06:00.6 Audio device [0403]: Advanced Micro Devices, Inc. [AMD] Family 17h (Models 10h-1fh) HD Audio Controller [1022:15e3]

I do not know how important the bus ID is in this regard. What does the IOMMU identification script say?

#!/bin/bash
shopt -s nullglob
for g in `find /sys/kernel/iommu_groups/* -maxdepth 0 -type d | sort -V`; do
    echo "IOMMU Group ${g##*/}:"
    for d in $g/devices/*; do
        echo -e "\t$(lspci -nns ${d##*/})"
    done;
done;

@anon27075190 - thanks for the tip. I’ve attached my IOMMU groups below, but it looks like the iGPU is in the same group as several other integrated devices. I guess I can use the ACS override patch to force it into its own group?

IOMMU Group 0:
	00:01.0 Host bridge [0600]: Advanced Micro Devices, Inc. [AMD] Renoir PCIe Dummy Host Bridge [1022:1632]
IOMMU Group 1:
	00:02.0 Host bridge [0600]: Advanced Micro Devices, Inc. [AMD] Renoir PCIe Dummy Host Bridge [1022:1632]
	00:02.2 PCI bridge [0604]: Advanced Micro Devices, Inc. [AMD] Renoir PCIe GPP Bridge [1022:1634]
	00:02.3 PCI bridge [0604]: Advanced Micro Devices, Inc. [AMD] Renoir PCIe GPP Bridge [1022:1634]
	01:00.0 Network controller [0280]: Intel Corporation Dual Band Wireless-AC 3168NGW [Stone Peak] [8086:24fb] (rev 10)
	02:00.0 Ethernet controller [0200]: Realtek Semiconductor Co., Ltd. RTL8111/8168/8411 PCI Express Gigabit Ethernet Controller [10ec:8168] (rev 15)
IOMMU Group 2:
	00:08.0 Host bridge [0600]: Advanced Micro Devices, Inc. [AMD] Renoir PCIe Dummy Host Bridge [1022:1632]
	00:08.1 PCI bridge [0604]: Advanced Micro Devices, Inc. [AMD] Renoir Internal PCIe GPP Bridge to Bus [1022:1635]
	00:08.2 PCI bridge [0604]: Advanced Micro Devices, Inc. [AMD] Renoir Internal PCIe GPP Bridge to Bus [1022:1635]
	03:00.0 VGA compatible controller [0300]: Advanced Micro Devices, Inc. [AMD/ATI] Renoir [1002:1636] (rev d8)
	03:00.1 Audio device [0403]: Advanced Micro Devices, Inc. [AMD/ATI] Device [1002:1637]
	03:00.2 Encryption controller [1080]: Advanced Micro Devices, Inc. [AMD] Family 17h (Models 10h-1fh) Platform Security Processor [1022:15df]
	03:00.3 USB controller [0c03]: Advanced Micro Devices, Inc. [AMD] Renoir USB 3.1 [1022:1639]
	03:00.4 USB controller [0c03]: Advanced Micro Devices, Inc. [AMD] Renoir USB 3.1 [1022:1639]
	03:00.6 Audio device [0403]: Advanced Micro Devices, Inc. [AMD] Family 17h (Models 10h-1fh) HD Audio Controller [1022:15e3]
	04:00.0 SATA controller [0106]: Advanced Micro Devices, Inc. [AMD] FCH SATA Controller [AHCI mode] [1022:7901] (rev 81)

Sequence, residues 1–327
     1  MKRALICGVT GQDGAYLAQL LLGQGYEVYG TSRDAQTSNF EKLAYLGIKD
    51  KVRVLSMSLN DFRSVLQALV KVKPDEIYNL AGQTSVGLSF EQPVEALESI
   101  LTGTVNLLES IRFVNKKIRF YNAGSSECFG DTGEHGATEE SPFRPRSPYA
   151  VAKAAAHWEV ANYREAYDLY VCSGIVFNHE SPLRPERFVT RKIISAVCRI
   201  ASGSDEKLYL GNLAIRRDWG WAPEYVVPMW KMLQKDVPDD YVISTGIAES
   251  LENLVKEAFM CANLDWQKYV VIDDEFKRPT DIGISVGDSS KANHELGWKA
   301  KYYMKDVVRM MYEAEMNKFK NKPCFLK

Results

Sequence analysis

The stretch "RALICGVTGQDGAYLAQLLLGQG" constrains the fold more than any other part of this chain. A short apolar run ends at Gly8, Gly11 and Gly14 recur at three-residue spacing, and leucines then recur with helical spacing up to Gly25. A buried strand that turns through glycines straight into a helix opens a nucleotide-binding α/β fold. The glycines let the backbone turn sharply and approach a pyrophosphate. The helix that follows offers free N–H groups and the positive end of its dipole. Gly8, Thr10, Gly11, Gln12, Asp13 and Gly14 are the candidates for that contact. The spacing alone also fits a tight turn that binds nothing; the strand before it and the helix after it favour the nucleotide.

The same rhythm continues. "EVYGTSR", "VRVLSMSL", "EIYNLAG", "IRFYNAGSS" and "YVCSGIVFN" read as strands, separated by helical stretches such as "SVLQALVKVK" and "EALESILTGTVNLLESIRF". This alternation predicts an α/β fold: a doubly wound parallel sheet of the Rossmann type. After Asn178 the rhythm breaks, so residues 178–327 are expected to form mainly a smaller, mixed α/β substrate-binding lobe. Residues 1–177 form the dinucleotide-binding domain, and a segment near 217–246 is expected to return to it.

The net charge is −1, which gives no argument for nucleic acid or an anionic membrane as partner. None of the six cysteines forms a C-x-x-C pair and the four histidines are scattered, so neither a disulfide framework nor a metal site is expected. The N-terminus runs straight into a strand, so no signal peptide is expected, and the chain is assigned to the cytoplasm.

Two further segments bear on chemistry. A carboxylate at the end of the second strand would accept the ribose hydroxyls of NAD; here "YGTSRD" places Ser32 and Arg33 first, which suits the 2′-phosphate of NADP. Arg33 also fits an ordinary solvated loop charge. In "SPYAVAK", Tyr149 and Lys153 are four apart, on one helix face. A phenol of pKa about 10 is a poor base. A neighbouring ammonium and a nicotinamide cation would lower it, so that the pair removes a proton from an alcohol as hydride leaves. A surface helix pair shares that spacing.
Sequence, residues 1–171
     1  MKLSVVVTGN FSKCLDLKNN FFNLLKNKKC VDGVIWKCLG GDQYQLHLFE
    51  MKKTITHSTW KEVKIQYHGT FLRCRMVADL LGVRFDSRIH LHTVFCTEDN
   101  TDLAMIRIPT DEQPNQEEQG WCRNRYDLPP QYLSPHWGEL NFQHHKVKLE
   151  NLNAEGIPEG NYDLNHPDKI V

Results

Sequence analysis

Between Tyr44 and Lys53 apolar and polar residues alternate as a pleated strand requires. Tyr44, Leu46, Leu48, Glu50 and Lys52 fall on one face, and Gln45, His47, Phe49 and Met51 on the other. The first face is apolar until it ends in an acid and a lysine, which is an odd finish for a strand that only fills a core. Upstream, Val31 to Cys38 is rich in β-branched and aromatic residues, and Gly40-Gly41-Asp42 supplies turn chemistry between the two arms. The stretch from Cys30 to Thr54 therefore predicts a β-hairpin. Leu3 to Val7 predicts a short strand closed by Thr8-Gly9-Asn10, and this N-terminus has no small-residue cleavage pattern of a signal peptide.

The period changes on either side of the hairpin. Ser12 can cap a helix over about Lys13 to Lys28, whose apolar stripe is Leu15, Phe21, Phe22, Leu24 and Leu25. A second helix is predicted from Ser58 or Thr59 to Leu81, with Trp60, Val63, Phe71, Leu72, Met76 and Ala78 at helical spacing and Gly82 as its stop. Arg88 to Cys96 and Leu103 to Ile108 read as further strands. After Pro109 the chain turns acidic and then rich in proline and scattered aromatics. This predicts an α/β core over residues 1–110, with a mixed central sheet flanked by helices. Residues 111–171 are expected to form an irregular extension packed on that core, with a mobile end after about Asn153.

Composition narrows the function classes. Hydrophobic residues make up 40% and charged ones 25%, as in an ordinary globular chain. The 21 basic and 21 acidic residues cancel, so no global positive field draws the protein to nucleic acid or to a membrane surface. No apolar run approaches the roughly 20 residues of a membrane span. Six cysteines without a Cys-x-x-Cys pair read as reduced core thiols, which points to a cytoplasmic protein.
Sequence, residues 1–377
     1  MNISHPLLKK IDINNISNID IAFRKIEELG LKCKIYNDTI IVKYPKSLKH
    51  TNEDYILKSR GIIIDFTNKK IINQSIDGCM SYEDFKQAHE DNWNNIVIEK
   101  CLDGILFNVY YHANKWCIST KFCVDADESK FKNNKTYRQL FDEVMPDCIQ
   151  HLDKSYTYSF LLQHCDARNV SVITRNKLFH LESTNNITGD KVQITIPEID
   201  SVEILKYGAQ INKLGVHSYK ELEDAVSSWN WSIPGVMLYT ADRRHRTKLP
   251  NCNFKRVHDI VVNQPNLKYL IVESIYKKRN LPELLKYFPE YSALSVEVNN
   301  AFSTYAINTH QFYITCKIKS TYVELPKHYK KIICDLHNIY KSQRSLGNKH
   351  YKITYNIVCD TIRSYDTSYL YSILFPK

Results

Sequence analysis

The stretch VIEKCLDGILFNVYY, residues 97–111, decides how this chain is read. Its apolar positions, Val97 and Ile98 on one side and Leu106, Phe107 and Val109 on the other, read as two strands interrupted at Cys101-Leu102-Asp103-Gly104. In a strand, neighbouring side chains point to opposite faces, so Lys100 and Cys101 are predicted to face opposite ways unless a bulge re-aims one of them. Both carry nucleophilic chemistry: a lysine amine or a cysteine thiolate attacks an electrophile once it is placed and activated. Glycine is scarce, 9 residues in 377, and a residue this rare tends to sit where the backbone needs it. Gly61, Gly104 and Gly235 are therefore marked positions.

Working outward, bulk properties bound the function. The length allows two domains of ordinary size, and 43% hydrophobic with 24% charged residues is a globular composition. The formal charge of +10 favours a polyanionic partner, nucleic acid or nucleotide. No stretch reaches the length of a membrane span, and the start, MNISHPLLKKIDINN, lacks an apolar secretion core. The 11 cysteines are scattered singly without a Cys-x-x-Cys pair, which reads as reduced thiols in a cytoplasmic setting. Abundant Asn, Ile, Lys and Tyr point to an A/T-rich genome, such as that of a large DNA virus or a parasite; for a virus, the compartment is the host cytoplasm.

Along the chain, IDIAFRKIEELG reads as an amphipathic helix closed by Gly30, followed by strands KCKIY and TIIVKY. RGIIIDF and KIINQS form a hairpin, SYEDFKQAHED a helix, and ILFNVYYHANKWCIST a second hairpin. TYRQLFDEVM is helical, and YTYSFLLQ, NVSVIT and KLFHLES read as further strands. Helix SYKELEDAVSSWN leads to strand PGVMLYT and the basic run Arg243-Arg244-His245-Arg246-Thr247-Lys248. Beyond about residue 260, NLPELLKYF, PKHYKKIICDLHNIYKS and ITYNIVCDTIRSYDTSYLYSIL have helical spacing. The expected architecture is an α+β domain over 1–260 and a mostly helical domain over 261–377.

IOMMU Group 3:
	00:14.0 SMBus [0c05]: Advanced Micro Devices, Inc. [AMD] FCH SMBus Controller [1022:790b] (rev 51)
	00:14.3 ISA bridge [0601]: Advanced Micro Devices, Inc. [AMD] FCH LPC Bridge [1022:790e] (rev 51)
IOMMU Group 4:
	00:18.0 Host bridge [0600]: Advanced Micro Devices, Inc. [AMD] Renoir Device 24: Function 0 [1022:1448]
	00:18.1 Host bridge [0600]: Advanced Micro Devices, Inc. [AMD] Renoir Device 24: Function 1 [1022:1449]
	00:18.2 Host bridge [0600]: Advanced Micro Devices, Inc. [AMD] Renoir Device 24: Function 2 [1022:144a]
	00:18.3 Host bridge [0600]: Advanced Micro Devices, Inc. [AMD] Renoir Device 24: Function 3 [1022:144b]
	00:18.4 Host bridge [0600]: Advanced Micro Devices, Inc. [AMD] Renoir Device 24: Function 4 [1022:144c]
	00:18.5 Host bridge [0600]: Advanced Micro Devices, Inc. [AMD] Renoir Device 24: Function 5 [1022:144d]
	00:18.6 Host bridge [0600]: Advanced Micro Devices, Inc. [AMD] Renoir Device 24: Function 6 [1022:144e]
	00:18.7 Host bridge [0600]: Advanced Micro Devices, Inc. [AMD] Renoir Device 24: Function 7 [1022:144f]

Indeed to further test this you certainly need the ACS override patch. Regardless of that, I still don’t know if it will work out.

@anon27075190 - Thanks. I got iGPU passthrough (with audio over HDMI) working on the 4750G “Renoir” APU in Proxmox VE (Windows 10 guest). I hope to make a guide, just thinking where’s the best place to publish it, as many users from different forums have had the same struggles as me (proxmox and unraid).
In any case, still working on getting it fine-tuned, as it seems to be limited to ~24-30hz refresh rate (based on visual estimates with naked eye), and the AMD Radeon graphics do show up in W10 Device Manager, but with the Code 43 message. So I feel like there’s something there still which needs to be worked out to get full hardware acceleration (and hopefully 60hz+ UI/video/gaming experience)

Technically yeah, but just install windows at that point, because in the long run you’re losing if not just doing a really long overcomplicated install.

So after installing AMD drivers, the Code 43 went away, but instead I got a pixelated mess on-screen and only the mouse cursor is visible & responsive.

I made another post about it here, and attached a photo, hopefully someone can help out:

This topic was automatically closed 273 days after the last reply. New replies are no longer allowed.